One takeaway I can relay is that PHANTOM THREAD is a very white movie. And that’s not because it doesn’t have a black character in it (though that is a factor). It’s bathed in hazy white lighting, has many white dresses on display, there are walls of bricks painted white, and many big white spaces dominate the screen. Anderson, who did his own cinematography, has fashioned a beautiful looking picture immaculate frame by immaculate frame – a very white, clean, and, yes, very prestige-y picture.


As for its Oscar chances, I’m not thinking Day-Lewis is going to win a fourth Oscar here (I think it’s Gary Oldman’s year), but if he does I won’t protest because his portrayal is definitely up there with the other roles he’s won Oscars for (again, three!). 

Otherwise, I doubt this will get the big one – Best Picture, and, right now, I’m not feeling Best Director, nor Best Supporting Actress (though Manville puts in a sharp performance). The piano-driven score, by frequent Anderson collaborator, Radiohead’s Jonny Greenwood, has a better chance, but when it comes to Best Costume Design, I’m betting Mark Bridges will be hard to beat.

More later…

THE POST: The War Against Fake News Has Been Fought Before And Won

Opening today at a multiplex near you:

THE POST (Dir. Steven Spielberg, 2017)

After putting his stamp on just about every other cinematic genre out there, Steven Spielberg now tries his hand at newspaper drama with this timely story that’s ripped straight from the headlines, but, obviously, they’re headlines that are over four decades old. Simply, THE POST relays how the Washington Post defied President Nixon and all his men by publishing top secret files detailing the lies the government told and was still telling about the Vietnam war.

As the paranoid, dishonest tactics of the Nixon White House have many times been likened to the Trump Administration’s troubling methods, it may seem a bit too on the nose to get this big star-studded prestige picture from those liberals in Hollywood about how then is just like now, just in time for awards season.

And yes, this is a cautionary tale about how journalism is being threatened in our current era of “fake news,” but despite the predictable packaging, Spielberg has successfully structured an earnest, old fashioned, and highly entertaining showcase for his inspiring subject, and his superb cast.

And it really is a superb cast as Oscar-winners Tom Hanks, as Washington Post Editor Ben Bradley, and Meryl Streep as the Post’s publisher, Katherine Graham, head the strong ensemble that also includes Sarah Paulson, Bob Odenkirk (with David Cross also on board we get a Mr. Show re-union!), Jesse Plemmons, Tracy Letts, Bruce Greenwood, Bradley Whitford, and Carrie Coon.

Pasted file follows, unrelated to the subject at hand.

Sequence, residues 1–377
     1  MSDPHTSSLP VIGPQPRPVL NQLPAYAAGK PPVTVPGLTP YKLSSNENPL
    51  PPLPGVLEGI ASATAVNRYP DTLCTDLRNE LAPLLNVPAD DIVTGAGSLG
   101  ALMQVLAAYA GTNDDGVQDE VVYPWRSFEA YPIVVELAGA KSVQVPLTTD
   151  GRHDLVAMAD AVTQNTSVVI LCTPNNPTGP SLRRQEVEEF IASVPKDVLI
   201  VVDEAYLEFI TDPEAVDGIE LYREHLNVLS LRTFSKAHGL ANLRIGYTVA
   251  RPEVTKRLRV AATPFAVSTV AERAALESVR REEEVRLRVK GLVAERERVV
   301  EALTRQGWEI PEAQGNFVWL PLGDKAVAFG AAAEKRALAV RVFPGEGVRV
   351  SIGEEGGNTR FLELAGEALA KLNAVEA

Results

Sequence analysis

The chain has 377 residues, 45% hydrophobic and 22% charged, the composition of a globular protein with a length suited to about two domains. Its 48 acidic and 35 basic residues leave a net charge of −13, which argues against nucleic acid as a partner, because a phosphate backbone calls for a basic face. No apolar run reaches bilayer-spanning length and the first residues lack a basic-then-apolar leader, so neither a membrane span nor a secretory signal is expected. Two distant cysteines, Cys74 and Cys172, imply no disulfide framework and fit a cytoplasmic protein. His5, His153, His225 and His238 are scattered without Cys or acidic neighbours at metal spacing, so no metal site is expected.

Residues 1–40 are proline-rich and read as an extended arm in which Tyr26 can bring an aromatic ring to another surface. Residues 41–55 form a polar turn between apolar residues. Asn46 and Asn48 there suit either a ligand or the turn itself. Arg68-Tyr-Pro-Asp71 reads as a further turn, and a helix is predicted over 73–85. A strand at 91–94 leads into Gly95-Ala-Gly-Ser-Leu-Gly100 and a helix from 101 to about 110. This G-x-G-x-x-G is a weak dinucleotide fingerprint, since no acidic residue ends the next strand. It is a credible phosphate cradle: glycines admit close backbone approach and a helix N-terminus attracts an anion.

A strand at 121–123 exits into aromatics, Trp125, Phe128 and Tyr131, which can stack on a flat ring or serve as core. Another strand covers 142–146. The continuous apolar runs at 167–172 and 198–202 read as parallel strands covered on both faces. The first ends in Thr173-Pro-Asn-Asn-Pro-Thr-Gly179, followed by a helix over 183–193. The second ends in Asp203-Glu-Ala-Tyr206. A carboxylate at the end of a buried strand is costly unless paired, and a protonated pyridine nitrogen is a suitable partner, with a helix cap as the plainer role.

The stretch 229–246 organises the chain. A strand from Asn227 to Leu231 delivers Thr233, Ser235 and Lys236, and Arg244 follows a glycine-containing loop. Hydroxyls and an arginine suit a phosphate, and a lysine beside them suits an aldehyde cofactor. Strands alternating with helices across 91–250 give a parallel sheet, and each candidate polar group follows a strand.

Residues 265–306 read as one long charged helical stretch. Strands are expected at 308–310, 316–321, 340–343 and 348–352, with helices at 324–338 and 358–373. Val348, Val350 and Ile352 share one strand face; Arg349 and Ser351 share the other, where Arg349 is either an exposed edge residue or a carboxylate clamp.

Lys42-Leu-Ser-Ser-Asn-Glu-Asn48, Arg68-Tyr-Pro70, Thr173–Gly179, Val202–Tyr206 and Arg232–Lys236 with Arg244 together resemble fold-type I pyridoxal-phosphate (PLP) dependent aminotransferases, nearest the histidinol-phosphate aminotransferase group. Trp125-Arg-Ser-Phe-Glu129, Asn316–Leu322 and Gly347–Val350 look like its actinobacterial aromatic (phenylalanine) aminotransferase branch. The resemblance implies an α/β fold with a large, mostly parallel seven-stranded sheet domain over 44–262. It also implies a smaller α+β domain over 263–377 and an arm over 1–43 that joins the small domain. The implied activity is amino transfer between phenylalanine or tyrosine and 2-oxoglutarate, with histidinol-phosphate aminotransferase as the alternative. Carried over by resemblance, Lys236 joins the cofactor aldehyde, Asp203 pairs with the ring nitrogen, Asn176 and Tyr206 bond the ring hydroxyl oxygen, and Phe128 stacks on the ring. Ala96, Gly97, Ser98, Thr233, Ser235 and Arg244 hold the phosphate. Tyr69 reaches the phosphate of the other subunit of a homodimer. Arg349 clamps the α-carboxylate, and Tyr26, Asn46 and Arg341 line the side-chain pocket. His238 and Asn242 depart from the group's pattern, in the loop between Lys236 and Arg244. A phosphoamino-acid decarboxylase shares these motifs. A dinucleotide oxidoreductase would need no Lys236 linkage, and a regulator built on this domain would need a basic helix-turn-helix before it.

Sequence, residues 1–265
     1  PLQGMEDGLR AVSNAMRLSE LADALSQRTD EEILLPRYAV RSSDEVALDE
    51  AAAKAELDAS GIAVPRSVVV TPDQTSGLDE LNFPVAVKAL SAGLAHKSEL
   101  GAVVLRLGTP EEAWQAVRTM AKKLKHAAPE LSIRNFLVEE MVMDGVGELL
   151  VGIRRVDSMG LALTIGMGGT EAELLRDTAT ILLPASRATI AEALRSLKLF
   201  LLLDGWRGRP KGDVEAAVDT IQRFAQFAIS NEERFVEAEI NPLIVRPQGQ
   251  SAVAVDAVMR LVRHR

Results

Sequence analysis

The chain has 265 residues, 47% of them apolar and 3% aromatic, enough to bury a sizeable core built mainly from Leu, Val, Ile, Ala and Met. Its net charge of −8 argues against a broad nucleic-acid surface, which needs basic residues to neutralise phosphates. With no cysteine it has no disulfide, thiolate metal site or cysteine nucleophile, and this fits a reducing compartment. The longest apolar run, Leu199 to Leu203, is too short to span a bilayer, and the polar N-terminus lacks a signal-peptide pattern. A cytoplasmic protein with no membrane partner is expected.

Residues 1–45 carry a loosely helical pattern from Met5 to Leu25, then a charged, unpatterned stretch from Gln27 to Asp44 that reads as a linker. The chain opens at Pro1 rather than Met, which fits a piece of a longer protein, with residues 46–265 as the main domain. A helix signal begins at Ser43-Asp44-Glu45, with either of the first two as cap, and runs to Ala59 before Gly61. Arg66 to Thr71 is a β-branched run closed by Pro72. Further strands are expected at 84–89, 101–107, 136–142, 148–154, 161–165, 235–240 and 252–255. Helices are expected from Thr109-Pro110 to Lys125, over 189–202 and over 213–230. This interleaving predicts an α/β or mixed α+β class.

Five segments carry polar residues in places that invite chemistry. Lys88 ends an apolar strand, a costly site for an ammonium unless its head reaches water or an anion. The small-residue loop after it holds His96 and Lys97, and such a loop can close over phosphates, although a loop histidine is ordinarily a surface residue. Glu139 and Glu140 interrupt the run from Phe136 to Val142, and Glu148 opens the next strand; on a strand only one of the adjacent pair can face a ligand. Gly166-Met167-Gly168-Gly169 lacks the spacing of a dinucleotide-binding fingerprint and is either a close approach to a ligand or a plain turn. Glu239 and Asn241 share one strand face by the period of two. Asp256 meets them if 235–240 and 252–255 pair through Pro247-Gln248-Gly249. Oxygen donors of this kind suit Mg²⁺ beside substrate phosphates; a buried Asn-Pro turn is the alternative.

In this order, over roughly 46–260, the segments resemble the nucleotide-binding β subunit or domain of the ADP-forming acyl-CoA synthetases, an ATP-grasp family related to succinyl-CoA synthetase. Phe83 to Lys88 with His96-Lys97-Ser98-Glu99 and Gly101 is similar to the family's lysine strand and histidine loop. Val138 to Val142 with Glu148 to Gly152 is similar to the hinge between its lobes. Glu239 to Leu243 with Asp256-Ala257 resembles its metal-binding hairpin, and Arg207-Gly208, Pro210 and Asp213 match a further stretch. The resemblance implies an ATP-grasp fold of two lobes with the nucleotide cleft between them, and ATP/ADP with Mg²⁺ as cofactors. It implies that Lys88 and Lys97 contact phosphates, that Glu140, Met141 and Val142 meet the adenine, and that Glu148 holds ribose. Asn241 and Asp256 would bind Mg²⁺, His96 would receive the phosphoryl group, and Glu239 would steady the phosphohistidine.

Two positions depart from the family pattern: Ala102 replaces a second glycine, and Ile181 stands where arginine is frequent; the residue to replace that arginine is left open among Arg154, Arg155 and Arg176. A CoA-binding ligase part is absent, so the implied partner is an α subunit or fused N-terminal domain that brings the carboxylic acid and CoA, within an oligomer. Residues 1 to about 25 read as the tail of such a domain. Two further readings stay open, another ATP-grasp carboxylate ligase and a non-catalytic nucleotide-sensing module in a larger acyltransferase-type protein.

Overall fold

The film begins in 1966 Vietnam, evoked by the familiar sounds of helicopter blades, and CCR blasting, as we see gritty shots of soldiers loading their guns, and applying war paint. Mulling about these men is Daniel Ellsberg (Matthew Rhys), a military advisor on a fact finding mission to monitor the war’s progress.

After we see Ellsberg witness a night ambush by the Viet Cong in the rainy jungle, he reports back to Secretary of Defense Robert McNamara (Greenwood) that things haven’t gotten any better or worse over the last year, they’ve stayed the same.

To Ellsberg’s disgust, McNamara lies to reporters telling them that “Military progress over the last 12 months has exceeded our expectations,” so Ellsberg steals a top secret 7,000 page document soon to be dubbed “The Pentagon Papers,” that strongly says otherwise about US strategy in south-east Asia, and later leaks it to the New York Times.

That brings us to 1971, where Streep’s Graham is taking the Post’s stock public just as the Times’ is publishing a portion of the Pentagon Papers, which leads to the Nixon administration suing the Times to halt further publication.

Under intense pressure, Graham frets over the legal ramifications of the Post publishing the secret files obtained from Ellsberg while Hanks’ Bradlee scrambles with his staff to distill thousands of pages into articles fit to print under strict deadlines.

THE POST can serve as a companion piece and a prequel to Alan J. Pakula’s, ALL THE PRESIDENT’S MEN, as it ends where that essential Watergate expose begins, but it stands on its own as a solid, stately tribute to the power of the free press.

Since Hanks, Streep, and Spielberg, all at the top of their game here, have already won multiple Oscars, they may cancel themselves out of the race.


So may co-screenwriter Josh Singer, who won last year for SPOTLIGHT, cinematographer Janusz Kamiński, who’s already won two Oscars for Spielberg films; and composer John Williams, whose won five (count ‘em – five, and three were for Spielberg movies), so I can see this movie not winning anything (it didn’t win any of the six Golden Globes it was up for), but it won’t matter because THE POST is an Oscar-caliber film regardless.

See it so you can see that what is going on now has gone on before, and since it was overcome then, it can be fought and won against again.

More later…